March 2 in History

March 2 in Pop Culture History

March 2nd is…
302 Day (in Delaware)
Banana Cream Pie Day
Dr. Seuss’s Birthday
National Old Stuff Day
International Rescue Cat Day
World Teen Mental Wellness Day

The 1933 film King Kong is considered a classic of American cinema and a groundbreaking achievement in film history. There are several reasons why the film is regarded as so special:

  1. Technical Achievements: The film used groundbreaking special effects and techniques, such as stop-motion animation, matte painting, and rear projection, to create a realistic and believable world in which Kong could exist. It was one of the first movies to use these techniques on such a grand scale, and it helped develop modern special effects.

  2. Storytelling: The film is a classic tale of adventure and romance, with a giant gorilla as the central character. The film’s exploration of the relationship between beauty and the beast and its portrayal of the struggle between man and nature still resonates with audiences today.

  3. Performances: The film features strong performances from its cast, including Fay Wray, who played the female lead, and Robert Armstrong, who played the film director Carl Denham. However, his performance of Kong brought to life through the stop-motion animation of Willis O’Brien, and the vocalizations of actor Frank Reicher truly captured audiences’ imaginations.

  4. Impact: “King Kong” was a massive commercial success and quickly became a cultural phenomenon, inspiring numerous sequels, spin-offs, and imitators. The impact can still be felt today, with its influence seen in modern films such as “Jurassic Park” and “Avatar.”

1657 – The Great Fire of Meireki in Edo (now Tokyo), Japan, caused more than 100,000 deaths and lasted three days

1807 – The US Congress passed an act to “prohibit the importation of slaves into any port or place within the jurisdiction of the United States… from any foreign kingdom, place, or country.”

1863 – The US Congress authorized a track width of 4-feet, 8-1/2 inches as the standard for the Union Pacific Railroad, which became the standard width for most of the world.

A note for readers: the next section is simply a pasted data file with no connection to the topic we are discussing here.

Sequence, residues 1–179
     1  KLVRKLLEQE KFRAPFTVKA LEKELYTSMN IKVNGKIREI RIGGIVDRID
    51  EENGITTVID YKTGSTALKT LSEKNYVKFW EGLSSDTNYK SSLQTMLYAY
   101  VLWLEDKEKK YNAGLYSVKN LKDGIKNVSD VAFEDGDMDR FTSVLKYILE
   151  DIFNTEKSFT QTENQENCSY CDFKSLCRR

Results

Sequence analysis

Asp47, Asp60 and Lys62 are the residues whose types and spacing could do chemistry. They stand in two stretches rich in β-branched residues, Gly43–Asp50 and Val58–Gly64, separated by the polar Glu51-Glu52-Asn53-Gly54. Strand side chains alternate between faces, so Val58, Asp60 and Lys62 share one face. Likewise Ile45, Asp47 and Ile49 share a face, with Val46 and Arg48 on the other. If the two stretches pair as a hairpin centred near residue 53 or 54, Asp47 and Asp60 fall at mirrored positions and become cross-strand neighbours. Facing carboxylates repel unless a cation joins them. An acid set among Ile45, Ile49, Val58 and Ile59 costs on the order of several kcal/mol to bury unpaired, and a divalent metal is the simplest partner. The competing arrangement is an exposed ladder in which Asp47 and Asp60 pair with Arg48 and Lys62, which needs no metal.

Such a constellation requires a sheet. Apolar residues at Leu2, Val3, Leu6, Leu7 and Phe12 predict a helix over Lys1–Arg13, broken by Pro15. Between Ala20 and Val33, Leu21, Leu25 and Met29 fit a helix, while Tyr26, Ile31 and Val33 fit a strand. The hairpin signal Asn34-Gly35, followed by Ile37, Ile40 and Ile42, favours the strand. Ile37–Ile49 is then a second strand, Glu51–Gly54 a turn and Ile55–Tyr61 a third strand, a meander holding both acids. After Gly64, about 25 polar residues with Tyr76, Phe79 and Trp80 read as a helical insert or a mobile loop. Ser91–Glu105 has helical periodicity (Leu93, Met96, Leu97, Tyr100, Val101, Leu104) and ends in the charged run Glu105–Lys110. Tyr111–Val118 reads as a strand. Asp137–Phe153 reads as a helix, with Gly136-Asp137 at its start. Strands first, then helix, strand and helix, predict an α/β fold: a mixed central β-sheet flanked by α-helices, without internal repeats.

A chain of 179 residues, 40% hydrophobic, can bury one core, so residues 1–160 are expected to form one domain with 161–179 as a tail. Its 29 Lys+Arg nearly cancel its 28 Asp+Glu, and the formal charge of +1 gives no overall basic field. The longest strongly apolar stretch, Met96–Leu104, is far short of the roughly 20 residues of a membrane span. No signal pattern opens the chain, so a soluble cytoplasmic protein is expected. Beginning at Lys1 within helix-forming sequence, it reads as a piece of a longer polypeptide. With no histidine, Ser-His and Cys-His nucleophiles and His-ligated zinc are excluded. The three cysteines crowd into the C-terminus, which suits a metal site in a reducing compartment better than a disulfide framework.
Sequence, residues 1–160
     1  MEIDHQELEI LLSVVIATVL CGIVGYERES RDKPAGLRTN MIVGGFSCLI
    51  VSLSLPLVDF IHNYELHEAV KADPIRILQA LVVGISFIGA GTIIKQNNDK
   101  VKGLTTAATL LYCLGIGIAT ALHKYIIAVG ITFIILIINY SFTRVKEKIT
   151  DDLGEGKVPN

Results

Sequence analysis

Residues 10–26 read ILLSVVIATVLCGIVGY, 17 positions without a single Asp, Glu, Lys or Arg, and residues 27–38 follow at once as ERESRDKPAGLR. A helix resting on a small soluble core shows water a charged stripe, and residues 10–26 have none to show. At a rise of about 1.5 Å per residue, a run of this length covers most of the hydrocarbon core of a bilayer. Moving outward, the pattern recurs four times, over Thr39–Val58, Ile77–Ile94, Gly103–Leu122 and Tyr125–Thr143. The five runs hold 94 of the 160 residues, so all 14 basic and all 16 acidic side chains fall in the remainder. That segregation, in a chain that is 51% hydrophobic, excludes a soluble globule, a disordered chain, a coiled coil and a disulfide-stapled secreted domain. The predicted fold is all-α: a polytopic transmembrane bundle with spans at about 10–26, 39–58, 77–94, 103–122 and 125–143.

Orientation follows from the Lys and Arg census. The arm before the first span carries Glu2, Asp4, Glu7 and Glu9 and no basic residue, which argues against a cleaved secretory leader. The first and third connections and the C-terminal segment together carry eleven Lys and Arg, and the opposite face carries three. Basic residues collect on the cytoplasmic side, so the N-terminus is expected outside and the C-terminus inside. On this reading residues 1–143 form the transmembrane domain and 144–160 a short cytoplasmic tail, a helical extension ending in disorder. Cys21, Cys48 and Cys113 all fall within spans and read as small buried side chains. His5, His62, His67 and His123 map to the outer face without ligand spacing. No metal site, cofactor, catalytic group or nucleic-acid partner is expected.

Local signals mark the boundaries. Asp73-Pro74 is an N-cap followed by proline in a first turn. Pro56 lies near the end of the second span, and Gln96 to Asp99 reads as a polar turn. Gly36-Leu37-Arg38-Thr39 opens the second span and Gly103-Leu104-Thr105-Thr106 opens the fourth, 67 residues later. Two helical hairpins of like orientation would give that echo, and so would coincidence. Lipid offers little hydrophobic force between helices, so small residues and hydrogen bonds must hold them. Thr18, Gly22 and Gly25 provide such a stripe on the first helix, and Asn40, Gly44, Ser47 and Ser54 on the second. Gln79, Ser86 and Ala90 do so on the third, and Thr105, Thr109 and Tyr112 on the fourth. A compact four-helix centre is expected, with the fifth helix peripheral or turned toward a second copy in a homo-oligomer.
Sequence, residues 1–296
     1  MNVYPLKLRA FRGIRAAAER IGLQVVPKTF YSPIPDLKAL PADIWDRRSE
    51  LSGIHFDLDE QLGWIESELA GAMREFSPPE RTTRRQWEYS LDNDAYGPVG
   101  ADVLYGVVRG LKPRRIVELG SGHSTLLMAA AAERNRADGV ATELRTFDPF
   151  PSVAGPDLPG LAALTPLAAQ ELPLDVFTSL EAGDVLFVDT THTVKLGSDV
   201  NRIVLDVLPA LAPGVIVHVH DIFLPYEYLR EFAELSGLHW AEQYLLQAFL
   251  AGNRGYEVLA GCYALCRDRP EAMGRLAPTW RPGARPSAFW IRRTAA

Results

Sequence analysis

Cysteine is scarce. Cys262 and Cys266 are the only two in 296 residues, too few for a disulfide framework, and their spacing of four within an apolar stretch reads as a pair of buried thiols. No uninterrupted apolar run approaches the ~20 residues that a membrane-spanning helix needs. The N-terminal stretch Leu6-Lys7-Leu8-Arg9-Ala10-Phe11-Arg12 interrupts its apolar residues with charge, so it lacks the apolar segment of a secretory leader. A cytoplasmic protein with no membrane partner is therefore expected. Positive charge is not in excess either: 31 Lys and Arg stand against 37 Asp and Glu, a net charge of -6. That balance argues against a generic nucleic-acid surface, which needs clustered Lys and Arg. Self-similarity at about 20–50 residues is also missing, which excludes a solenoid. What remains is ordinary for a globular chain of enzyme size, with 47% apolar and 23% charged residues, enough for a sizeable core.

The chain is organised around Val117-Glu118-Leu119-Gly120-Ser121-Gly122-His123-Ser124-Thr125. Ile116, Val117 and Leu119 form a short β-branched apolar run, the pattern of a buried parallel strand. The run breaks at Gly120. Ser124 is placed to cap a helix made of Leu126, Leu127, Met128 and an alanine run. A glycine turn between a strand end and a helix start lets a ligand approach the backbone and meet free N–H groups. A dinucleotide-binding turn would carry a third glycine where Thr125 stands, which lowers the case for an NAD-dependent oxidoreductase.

1933 – King Kong (film) opened at New York’s Radio City Music Hall.

1940 – Elmer Fudd debuted in the animated short Elmer’s Candid Camera.

1944 – Train #8017 stopped in a tunnel near Salerno, Italy; more than 500 people on board suffocated and died. In the midst of WW II, the story was very much covered up by the Italian government.

1949 – The first round the world nonstop airplane flight was completed in a US Air Force B-50 Superfortress bomber, the Lucky Lady II, by Captain James Gallagher. They landed back at Carswell Air Force base, Fort Worth, Texas, which they had left on February 26, about 94 hours earlier.

1957 – #1 Hit March 2, 1957 – March 29, 1957: Tab Hunter – Young Love

1960 – Lucille Ball filed for divorce from Desi Arnaz, ending their marriage and the Lucille Ball-Desi Arnaz Show franchise on CBS.

1962 – Wilt Chamberlain scored 100 points against the New York Knicks in a basketball game – final score: 169-147, at the Hershey Arena. Although only about 6,000 tickets were sold, guesstimates are that almost 50% of male sports fans born in the Philadelphia area between 1925 and 1958 claim to have been at the event.

1963 – #1 Hit March 2, 1963 – March 22, 1963: The Four Seasons – Walk Like A Man

1969 – The Concorde SST Supersonic jet aircraft, prototype 001, made its first flight from Toulouse airport in France.

1972 – US spacecraft Pioneer 10 was launched.

1974 – #1 Hit March 2, 1974 – March 22, 1974: Terry Jacks – Seasons in the Sun

1983 – Compact discs and players are released for the first time in the United States and other markets. (They had previously been available only in Japan.)

1978 – Charlie Chaplin’s body was stolen from a cemetery in the Swiss village of Corsier-sur-Vevey, near Lausanne, Switzerland. The grave robbers (and the re-buried body) were found a few weeks later.

1982 – Diner was released in theaters.

1984 – Repo ManThis is Spinal Tap, and Against All Odds were released in theaters.

1985 – Sheena Easton was the first and still only recording artist to score top-10 singles on all five major Billboard singles charts: Pop, Country, Dance, Adult Contemporary, and R&B with her hit Sugar Walls.

1990 – The Hunt for Red October was released in theaters.

1990 – Nelson Mandela was elected deputy President of the African National Congress.

1995 – Smokey Joe’s Cafe (Broadway Review) Opened on March 2, 1995, and closed on January 16, 2000

2009 – Late Night with Jimmy Fallon premiered on NBC.

2012 – Dr. Seuss’ The Lorax and Project X debuted in theaters.

2013 – #1 Hit March 2, 2013 – April 19, 2013: Baauer – Harlem Shake


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